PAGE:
Youth unemployment also fell on the previous quarter, from 18.5% to 16.6 % of economically active 16 to 24 year olds (equivalent to 747,000 individuals).  However, this remains significantly higher than the pre-recession rate of 13.8% (December 2007 to February 2008).

The employment rate (for adults aged 16-64) increased very slightly on the previous quarter, by 0.1 percentage points to 73%, which is equivalent to 30.61 million resident adults in employment in the UK (an increase of 74,000 on the previous quarter).   This is significantly smaller than the increase in employment reported in previous months, and is the smallest quarterly increase since April to June 2013.

In previous recent LMS releases, self-employment has accounted for a large share (and in the some cases the majority) of the increase in the number of individuals in employment.  In the latest LMS, the number of additional self-employees is relatively small (4,000 on the previous quarter) and the increase in employees is much larger (65,000 on the previous quarter).

Earnings Growth
Between May to July 2014 and the same period a year earlier, total pay (including bonuses) rose by 0.6%, very significantly below the rate of general price inflation  (1.5% on the CPI in the 12 months to August 2014).  Regular pay (excluding bonuses) rose by 0.7%.  

Job Seekers’ Allowance Claimants
The number of Jobseekers’ Allowance (JSA) claimants in August 2014 fell on the previous month, by 37,200, whilst the rate was down 0.1 percentage points to 2.9% (and down 1.3 percentage points on the same month a year earlier).  This is the fifteenth consecutive month in which the rate of claimant count unemployment has fallen and the first time since 2008 that the number of JSA claimants has fallen to below 1 million, at 966,500 individuals.

Redundancies and Vacancies
In the three months to July 2014, 91,000 people were made redundant, 29,000 fewer than the previous quarter and the lowest number of redundancies recorded in a quarter since comparable records began in 1995.

The number of vacancies (advertised through Jobcentre Plus) in the three months to August 2014 increased by 23,000 on the previous quarter to total 673,000.  The number of ILO unemployed adults to every one vacancy in the three months to July 2014 was 3.1, down 0.3 on the previous quarter.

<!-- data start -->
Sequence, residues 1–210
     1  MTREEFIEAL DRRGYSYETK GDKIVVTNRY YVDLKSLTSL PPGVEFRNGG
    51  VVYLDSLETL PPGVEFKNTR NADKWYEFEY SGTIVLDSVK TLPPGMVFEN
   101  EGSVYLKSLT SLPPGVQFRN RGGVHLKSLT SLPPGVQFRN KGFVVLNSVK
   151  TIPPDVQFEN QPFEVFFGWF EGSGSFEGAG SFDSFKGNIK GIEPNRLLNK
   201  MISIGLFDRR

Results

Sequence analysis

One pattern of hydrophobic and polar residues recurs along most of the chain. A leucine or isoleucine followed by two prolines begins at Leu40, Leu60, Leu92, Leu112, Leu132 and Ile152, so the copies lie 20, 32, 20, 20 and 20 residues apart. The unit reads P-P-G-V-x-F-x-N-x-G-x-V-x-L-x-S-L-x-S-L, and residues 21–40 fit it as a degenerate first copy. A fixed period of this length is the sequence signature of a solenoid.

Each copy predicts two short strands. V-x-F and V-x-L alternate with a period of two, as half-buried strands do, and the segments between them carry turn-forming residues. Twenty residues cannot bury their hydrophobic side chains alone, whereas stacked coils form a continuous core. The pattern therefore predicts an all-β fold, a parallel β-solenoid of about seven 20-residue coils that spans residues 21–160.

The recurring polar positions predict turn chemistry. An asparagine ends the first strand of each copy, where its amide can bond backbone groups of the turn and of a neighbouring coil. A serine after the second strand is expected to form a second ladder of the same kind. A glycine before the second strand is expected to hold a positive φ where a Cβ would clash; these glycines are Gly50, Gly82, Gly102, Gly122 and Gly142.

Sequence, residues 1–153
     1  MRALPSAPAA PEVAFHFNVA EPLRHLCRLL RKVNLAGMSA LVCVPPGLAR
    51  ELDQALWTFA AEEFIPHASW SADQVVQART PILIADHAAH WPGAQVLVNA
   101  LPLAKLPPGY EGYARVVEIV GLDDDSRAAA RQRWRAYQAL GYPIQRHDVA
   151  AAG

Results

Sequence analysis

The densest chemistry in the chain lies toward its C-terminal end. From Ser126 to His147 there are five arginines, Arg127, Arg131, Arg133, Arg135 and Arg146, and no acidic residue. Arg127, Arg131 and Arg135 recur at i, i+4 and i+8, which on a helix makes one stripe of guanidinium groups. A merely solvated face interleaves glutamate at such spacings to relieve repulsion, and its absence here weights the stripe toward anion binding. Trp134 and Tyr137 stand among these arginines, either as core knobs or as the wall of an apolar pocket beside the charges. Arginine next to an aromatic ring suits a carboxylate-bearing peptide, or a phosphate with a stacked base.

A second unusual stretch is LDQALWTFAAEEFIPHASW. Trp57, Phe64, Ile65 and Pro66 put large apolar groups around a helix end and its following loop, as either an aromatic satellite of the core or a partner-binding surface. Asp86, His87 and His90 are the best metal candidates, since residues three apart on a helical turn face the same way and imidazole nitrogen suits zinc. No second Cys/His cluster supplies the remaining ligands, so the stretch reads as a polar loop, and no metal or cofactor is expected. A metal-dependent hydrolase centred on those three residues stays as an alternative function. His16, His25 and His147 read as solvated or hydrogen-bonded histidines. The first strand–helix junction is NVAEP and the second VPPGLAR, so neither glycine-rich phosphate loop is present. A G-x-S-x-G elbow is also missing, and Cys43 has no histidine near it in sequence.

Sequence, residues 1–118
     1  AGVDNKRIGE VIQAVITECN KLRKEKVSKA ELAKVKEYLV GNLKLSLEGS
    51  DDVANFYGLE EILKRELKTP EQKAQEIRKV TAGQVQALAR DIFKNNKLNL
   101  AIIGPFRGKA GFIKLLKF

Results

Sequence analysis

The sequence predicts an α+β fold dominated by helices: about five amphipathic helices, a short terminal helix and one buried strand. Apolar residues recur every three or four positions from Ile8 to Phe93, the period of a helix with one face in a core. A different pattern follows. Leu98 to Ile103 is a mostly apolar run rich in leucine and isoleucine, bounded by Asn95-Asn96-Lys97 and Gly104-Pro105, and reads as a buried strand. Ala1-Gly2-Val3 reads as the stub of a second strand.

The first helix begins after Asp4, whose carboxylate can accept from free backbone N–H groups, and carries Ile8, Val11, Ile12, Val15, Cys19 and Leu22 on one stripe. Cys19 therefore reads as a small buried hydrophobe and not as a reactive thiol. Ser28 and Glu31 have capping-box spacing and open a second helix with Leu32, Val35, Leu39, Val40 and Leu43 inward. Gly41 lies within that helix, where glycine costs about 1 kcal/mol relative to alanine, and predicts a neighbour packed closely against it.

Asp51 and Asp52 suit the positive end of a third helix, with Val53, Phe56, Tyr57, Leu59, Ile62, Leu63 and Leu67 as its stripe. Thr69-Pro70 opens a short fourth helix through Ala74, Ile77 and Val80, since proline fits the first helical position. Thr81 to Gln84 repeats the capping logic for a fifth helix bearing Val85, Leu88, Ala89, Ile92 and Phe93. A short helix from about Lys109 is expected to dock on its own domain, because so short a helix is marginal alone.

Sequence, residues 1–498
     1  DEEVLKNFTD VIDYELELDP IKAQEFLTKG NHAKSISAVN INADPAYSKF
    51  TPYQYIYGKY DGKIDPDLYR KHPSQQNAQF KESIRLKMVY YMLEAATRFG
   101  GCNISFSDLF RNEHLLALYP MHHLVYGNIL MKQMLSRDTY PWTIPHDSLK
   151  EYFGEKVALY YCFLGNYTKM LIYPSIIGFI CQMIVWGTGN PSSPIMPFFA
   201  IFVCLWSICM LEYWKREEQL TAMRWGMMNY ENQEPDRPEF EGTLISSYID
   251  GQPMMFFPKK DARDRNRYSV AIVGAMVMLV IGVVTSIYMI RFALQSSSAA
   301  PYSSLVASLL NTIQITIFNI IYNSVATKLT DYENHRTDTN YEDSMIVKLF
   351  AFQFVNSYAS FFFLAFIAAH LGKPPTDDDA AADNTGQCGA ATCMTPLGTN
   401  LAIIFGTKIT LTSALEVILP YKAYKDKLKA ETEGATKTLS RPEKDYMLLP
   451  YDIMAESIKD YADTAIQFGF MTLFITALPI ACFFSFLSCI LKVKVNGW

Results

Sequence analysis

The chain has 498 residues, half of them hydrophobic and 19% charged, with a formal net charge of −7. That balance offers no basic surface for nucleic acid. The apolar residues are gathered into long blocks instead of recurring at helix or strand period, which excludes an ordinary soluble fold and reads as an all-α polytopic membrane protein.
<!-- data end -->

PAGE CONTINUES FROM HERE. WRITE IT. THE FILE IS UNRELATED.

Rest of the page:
Key Regional Developments
  • Compared to the previous quarter, unemployment rates and levels fell in seven of the nine English regions – only increasing in the North East and the South West (by 1,000 individuals and 0.1 percentage points on the previous quarter in both regions). The highest unemployment rate continues to be in the North East, at 9.9%.
  •  Unemployment fell most significantly in the North West, Yorkshire and the Humber and the East of England.  In the period May to July 2014, the lowest rate of unemployment was in the South East, at 4.4%.
  • In the East Midlands, the unemployment rate fell by 0.5 percentage points on the previous quarter to 5.6%, below the national average of 6.2%.  This is equivalent to 12,000 fewer individuals unemployed compared to the previous quarter.  The total number unemployed in the region in the three months to July 2014 was 130,000.
  • The rate of employment remained stable in the East Midlands, at 73.8%, whilst the number of people employed increased very slightly, by 1,000 on the previous quarter.  The employment rate in the region is higher than the UK average, which was 73% in the three months to July 2014.

[1] According to the International Labour Organisation (ILO), this is defined as those who are out of work but available for, and actively looking for, employment within a set period.  This is expressed as the proportion of ‘economically active’ (employed plus unemployed) adults.